Shortness of Breath and Anxiety

Dyspnea or simply shortness of breath refers to a situation when you experience an intense tightening in the chest or a feeling of suffocation. Extreme temperatures, strenuous exercise, high altitude and massive obesity can also lead to shortness of breath. In some cases, shortness of breath, anxiety or sweating may well be signs of an underlying medical problem and it is common to feel suffocated when anxious. Talk to your doctor when you have anxiety or cannot pinpoint the exact cause of your problem.

How Is Shortness of Breath and Anxiety Related?

It is not easy to deal with shortness of breath. Anxiety can make things even worse. In fact, anxiety and dyspnea are closely related:

  • Anxiety can make you lose your breath: Your body goes into fight or flight mode when you feel anxiety. This releases adrenaline that makes your heart to pump faster. When this happens, you experience arrhythmias and skipped beats, and sweats heavily. To overcome these changes, you start breathing from your chest to take in more oxygen. This makes you feel short of breath, as breathing from your chest when you are at rest is hard.
  • Shortness of breath also may bring anxiety to you. Just think how scary that hard-to-breathe feeling or that suffocating feeling is very.

How to Deal With Anxiety-Induced Shortness of Breath

You should never ignore the feeling of shortness of breath. Anxiety, as a most concerned cause, should be resolved to put your mind at rest. Here is what you can do to overcome anxiety-induced shortness of breath.

1. Breathe Slowly

You need to learn how breathe slowly under stressful situations to prevent hyperventilating. Keep calm and breathe in through your nose. Take 4 seconds to inhale, hold your breath for 4 seconds and then release it for 4 seconds. Repeating this process for a couple of minutes will help calm your nerves.

2. Breathe Deeply

Shallow breaths can make things even worse. When you are anxious, your breathing usually quickens. This stops your brain from getting enough oxygen and makes it difficult for your brain to think logically and clearly. Take 5-7 seconds to inhale slowly through your nose. Hold your breath for 3 seconds and then exhale through your pursed lips for 7-9 seconds. Repeat this 10-20 times.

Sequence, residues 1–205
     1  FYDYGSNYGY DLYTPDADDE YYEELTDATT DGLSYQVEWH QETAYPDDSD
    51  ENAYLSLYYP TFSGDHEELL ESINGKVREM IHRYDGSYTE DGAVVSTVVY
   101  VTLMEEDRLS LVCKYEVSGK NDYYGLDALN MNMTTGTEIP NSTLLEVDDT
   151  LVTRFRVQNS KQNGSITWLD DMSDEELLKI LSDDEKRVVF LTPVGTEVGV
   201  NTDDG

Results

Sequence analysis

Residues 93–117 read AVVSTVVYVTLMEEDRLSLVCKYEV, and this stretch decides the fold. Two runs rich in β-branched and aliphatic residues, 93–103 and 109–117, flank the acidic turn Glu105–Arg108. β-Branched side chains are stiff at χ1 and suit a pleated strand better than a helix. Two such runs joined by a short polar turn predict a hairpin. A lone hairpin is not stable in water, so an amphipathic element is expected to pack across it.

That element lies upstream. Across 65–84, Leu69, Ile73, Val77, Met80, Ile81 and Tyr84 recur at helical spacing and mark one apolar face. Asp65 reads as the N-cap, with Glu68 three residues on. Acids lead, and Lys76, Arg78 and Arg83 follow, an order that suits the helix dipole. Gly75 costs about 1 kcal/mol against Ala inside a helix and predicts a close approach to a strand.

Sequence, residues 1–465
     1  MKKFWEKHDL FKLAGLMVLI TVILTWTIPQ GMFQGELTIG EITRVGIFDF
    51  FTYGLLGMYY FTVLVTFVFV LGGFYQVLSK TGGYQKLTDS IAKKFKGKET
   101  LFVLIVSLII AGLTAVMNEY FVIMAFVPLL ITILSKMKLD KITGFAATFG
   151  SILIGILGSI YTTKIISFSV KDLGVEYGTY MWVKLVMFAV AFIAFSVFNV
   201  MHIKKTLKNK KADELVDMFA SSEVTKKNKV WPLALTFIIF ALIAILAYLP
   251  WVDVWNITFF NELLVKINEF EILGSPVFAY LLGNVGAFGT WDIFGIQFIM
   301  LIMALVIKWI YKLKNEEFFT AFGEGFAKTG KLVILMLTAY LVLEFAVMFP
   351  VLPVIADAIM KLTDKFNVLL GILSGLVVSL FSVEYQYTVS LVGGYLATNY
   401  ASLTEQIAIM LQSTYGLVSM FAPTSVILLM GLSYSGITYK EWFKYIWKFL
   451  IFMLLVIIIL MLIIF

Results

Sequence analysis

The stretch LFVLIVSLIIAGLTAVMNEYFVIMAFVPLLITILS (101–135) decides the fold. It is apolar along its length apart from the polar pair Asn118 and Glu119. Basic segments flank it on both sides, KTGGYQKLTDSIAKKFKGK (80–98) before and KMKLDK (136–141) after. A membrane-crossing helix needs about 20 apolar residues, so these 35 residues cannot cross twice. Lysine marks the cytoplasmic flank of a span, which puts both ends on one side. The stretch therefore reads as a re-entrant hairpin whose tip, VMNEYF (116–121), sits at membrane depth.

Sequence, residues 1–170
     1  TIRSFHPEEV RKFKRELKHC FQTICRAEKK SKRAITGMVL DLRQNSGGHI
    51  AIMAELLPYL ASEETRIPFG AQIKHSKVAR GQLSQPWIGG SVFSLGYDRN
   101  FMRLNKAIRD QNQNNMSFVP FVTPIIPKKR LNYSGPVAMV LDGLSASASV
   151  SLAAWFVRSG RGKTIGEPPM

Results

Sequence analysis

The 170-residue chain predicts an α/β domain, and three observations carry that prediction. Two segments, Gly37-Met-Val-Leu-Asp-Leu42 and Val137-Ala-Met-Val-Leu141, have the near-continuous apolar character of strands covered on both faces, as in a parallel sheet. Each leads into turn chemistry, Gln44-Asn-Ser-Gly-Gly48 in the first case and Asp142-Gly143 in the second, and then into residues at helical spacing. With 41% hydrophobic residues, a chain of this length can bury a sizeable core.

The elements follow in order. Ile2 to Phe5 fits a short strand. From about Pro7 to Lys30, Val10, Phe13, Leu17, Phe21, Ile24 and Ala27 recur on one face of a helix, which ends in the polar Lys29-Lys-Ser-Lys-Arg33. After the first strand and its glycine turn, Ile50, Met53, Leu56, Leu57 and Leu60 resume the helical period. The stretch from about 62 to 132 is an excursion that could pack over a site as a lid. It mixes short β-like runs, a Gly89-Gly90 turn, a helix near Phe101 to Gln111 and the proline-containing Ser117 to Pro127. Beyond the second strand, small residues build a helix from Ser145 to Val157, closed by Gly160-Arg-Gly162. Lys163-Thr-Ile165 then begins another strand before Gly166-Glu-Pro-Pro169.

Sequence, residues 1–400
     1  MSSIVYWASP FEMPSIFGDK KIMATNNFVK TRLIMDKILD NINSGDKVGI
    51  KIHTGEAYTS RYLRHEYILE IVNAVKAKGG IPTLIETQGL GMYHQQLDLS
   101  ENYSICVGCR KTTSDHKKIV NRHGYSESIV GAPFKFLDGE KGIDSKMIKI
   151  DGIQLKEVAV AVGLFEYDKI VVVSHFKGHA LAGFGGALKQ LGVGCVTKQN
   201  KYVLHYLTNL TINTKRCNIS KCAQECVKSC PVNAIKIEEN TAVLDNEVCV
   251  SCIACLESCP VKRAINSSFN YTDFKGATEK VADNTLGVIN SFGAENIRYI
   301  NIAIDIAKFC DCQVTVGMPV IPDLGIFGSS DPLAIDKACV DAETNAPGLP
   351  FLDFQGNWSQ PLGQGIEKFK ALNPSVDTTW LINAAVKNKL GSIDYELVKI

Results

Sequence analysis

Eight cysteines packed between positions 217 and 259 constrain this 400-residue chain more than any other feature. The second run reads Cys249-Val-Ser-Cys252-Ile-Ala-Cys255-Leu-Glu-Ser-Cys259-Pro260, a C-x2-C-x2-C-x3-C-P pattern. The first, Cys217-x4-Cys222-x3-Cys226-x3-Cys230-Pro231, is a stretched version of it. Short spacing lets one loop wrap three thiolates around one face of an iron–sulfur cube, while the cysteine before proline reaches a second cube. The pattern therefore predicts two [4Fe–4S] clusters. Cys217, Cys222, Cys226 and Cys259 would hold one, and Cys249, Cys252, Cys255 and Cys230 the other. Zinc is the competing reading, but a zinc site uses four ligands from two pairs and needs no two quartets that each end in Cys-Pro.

3. Breathe from Your Diaphragm

Sit in a chair with a hand on your chest and the other right below your rib cage. Keep your knees bent and shoulders relaxed. Breathe in slowly through your nose and ensure that your stomach expands when you inhale. Then keep your upper chest still and slowly breathe out. Ensure that the hand on your stomach moves up and down as you breathe in and breathe out but the hand on your chest stays still. This is called diaphragmatic breathing that helps prevent episodes of shortness of breath, anxiety, etc.

3. Exercise Regularly

Exercise helps relieve anxiety because the adrenaline built in the body due to anxiety can then be utilized for aerobic activity. This relieves stress and anxiety. Cycling, swimming, running and fast walking are all good choices. These exercises do not just burn stress hormones but also trigger the release of endorphins that improve your mood and make breathing easier.

4. Release Your Anxious Feeling

Trying to fight anxiety can make things worse; instead, you need to find ways to vent it. You will feel better when you embrace anxiety and take steps to release that anxious energy. Here are a few suggestions:

  • Spend a few minutes alone in a safe place to release your anxious feeling.
  • Burst into tears, scream into your pillow, punch a pillow, laugh hysterically, or jump around to feel better.
  • Ensure you are in a safe place and there are no fragile items that might break when you decide to let things go.

Here is a video to help you learn more about shortness of breath, anxiety and ways to relax yourself:

Are There Other Causes of Shortness of Breath?

While anxiety is definitely one of the reasons why you experience shortness of breath, other underlying medical conditions can also cause breathing difficulties. You may experience short-term breathlessness due to the following causes:

  • Asthma: It can be triggered by allergy or a cold and make you feel breathless.
  • Pneumonia: This severe chest infection may be the reason why you feel breathless. You will also have a fever and cough that produces greenish phlegm.
  • Chronic obstructive pulmonary disease (COPD): This long-term lung condition can also cause breathing difficulties because the airways become narrowed.
  • Pulmonary embolism causes blood clots in the lung, which first develop in the leg.
  • Obesity may make you feel breathless.
  • You may develop heart rhythm problems and your heart doesn't pump properly. This reduces oxygen levels in the body and makes you breathe rapidly, making you feel breathless.
  • Anemia is a condition characterized by inadequate levels of hemoglobin in the blood. It will make you feel tired and breathless. Heavy menstrual periods can sometimes lead to anemia. 
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